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I need to run a proprietary C++ application under Linux and I need to understand if it contains any functions outside advertised features.

Is there a way to list all the API calls that the application makes granted it doesn't use Linux syscalls and only uses standard stdc++ functions?

A similar question was asked almost a decade ago and the answer isn't satisfactory to me at all. I need something completely automated.

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  • If it runs on Linux, and does anything like access files, communicate over the network, etc., it uses system calls; whether that’s through stdc++ or some other library doesn’t matter particularly in the end. Feb 13 at 20:05
  • Just to confuse the issue a bit more, are you positive that the code base is pure C++ and that they did not pull in any C, FORTRAN, etc. code and statically link it in?
    – doneal24
    Feb 13 at 21:29
  • I'm positive it's pure C++. Feb 14 at 10:10

1 Answer 1

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TL;DR: you can hook regular function calls across shared object boundaries with bpftrace. However, especially for what we consider C++ standard library, that's but a small part of the actual C++ "standard libary" functionality. But, even if you could trace all these function calls, this would give you no guarantees whatsoever.


There's no general way to know which functions get called: in the end, you cannot know which part of the standard library got statically linked into the program; most of it will even be inline, by design! In C++, an enormous amount of standard functionality is in C++ templates, so part of the compilation unit of your program, not libstdc++. Even worse, even when just using functionality that is most definitely from a shared library, a "function call" simply isn't something "special"; it's just setting up the registers you need to pass arguments and jumping to an address. For shared objects, that address is usually resolved using the standard dynamic linker at startup time, but there's absolutely no guarantee that is the only thing that happens. Especially if a program loads libraries at runtime (anything that does plugins, for example, or scripting languages, or…), it's not as easy as just listing the table of functions to be imported.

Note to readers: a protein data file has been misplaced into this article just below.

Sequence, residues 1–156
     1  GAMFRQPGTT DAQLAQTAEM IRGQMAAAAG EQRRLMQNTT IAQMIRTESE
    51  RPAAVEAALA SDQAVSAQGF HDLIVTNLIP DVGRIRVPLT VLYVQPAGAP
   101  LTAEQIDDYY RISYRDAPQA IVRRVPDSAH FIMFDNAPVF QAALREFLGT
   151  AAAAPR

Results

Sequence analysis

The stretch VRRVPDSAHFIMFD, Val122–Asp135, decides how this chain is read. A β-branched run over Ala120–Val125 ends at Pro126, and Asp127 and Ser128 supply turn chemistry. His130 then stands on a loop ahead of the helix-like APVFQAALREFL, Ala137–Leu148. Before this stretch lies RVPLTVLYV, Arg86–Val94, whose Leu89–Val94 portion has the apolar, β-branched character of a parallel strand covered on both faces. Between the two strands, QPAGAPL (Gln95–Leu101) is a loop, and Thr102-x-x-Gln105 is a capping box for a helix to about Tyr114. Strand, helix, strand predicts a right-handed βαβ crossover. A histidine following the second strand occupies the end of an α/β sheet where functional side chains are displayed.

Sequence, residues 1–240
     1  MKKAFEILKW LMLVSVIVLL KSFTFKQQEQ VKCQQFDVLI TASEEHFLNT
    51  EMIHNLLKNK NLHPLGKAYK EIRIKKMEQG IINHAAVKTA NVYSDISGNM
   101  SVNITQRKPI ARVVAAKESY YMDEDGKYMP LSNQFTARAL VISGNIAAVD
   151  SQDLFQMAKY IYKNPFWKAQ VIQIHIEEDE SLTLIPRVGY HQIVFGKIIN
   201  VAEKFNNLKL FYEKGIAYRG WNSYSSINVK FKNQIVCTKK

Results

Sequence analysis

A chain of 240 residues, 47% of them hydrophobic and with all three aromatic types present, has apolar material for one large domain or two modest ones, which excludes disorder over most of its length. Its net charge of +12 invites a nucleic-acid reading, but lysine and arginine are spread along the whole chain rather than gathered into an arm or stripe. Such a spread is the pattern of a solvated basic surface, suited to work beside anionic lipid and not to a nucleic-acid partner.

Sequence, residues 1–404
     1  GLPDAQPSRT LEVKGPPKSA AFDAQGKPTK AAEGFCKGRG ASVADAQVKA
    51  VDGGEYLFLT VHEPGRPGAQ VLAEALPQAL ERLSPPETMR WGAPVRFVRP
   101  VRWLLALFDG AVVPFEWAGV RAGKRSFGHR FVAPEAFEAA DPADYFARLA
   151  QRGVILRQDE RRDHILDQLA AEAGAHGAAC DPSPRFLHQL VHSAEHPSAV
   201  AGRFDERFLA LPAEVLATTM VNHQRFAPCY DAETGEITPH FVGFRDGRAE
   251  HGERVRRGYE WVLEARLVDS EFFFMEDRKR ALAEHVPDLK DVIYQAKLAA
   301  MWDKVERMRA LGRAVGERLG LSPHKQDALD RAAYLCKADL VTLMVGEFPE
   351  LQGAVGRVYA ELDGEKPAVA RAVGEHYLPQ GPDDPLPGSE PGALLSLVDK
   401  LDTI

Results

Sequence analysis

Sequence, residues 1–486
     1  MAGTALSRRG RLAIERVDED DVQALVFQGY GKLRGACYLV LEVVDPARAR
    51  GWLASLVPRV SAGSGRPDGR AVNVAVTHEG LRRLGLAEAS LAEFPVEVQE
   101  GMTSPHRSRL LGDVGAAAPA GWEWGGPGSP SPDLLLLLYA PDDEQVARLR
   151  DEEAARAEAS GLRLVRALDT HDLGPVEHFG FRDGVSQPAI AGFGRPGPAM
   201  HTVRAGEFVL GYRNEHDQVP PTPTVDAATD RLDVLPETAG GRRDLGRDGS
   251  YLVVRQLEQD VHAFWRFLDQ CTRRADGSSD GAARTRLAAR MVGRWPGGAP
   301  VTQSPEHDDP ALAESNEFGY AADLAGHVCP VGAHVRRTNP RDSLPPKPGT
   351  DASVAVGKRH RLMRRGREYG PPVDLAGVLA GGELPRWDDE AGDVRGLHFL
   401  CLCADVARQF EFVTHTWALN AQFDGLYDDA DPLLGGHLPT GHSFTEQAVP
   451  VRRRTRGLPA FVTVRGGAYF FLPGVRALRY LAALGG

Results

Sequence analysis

You can trace your userland program and insert a hook for every function in the C++ standard library, and log that. bpftrace would probably be the tool of choice here. Install bpftrace, and look into its example tools, typically in /usr/share/bpftrace/tools, especially bashreadline.bt:

#!/usr/bin/bpftrace
/*
 * bashreadline    Print entered bash commands from all running shells.
 *                 For Linux, uses bpftrace and eBPF.
 *
 * This works by tracing the readline() function using a uretprobe (uprobes).
 *
 * USAGE: bashreadline.bt
 *
 * This is a bpftrace version of the bcc tool of the same name.
 *
 * Copyright 2018 Netflix, Inc.
 * Licensed under the Apache License, Version 2.0 (the "License")
 *
 * 06-Sep-2018  Brendan Gregg   Created this.
 */

BEGIN
{
    printf("Tracing bash commands... Hit Ctrl-C to end.\n");
    printf("%-9s %-6s %s\n", "TIME", "PID", "COMMAND");
}

uretprobe:/bin/bash:readline
{
    time("%H:%M:%S  ");
    printf("%-6d %s\n", pid, str(retval));
}

Write a small awk, Python, PERL or PL1 program that generates such a uretprobe:executable name:function name for each entry in objdump -T /lib64/libstdc++.so (or whatever library you think the program might be using; you can figure that one out via strace, looking for open calls). This is all very scriptable!

I need to run a proprietary C++ application under Linux and I need to understand if it contains any functions outside advertised features.

Yeah, that won't give you any guarantees. Best case, you see what addresses get called. Whether the program prepared a ROP trampoline to make the external library do whatever it wants in the right situation can't be done. Generally, you can only observe what your program does during a normal run. But unless you read all of its disassembly, you couldn't tell whether it does something different when run on a Fri 13th, or when UID=1234, or the CPUID ends in 7, or … And: Any undesirable functionality in any external library that you don't want the program to call, the programmers could just have included in the program itself (either by copying the functionality, or just through static linking).

That's why operating systems, and UNIXoids especially segment privileges across an operating system/user land boundary: no guarantees can be made on the behaviour of any given program, but Linux can guarantee (to a satisfactory amount of certainty) that a program that's not allowed to access a file cannot access it; and the allowing of access is impossible for the program itself to achieve.


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